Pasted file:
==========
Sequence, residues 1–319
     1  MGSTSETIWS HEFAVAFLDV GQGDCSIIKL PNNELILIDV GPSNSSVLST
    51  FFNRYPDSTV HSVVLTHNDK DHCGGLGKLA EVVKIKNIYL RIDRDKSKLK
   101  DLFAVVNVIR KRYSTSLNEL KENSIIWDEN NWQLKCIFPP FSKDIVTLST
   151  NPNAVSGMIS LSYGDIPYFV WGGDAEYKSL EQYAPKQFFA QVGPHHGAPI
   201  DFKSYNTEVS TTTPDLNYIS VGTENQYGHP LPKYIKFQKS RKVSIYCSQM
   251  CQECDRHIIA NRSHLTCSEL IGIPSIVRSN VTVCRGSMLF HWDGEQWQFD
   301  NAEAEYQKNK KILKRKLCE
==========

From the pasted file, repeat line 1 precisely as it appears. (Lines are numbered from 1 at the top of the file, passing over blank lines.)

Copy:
Sequence, residues 1–319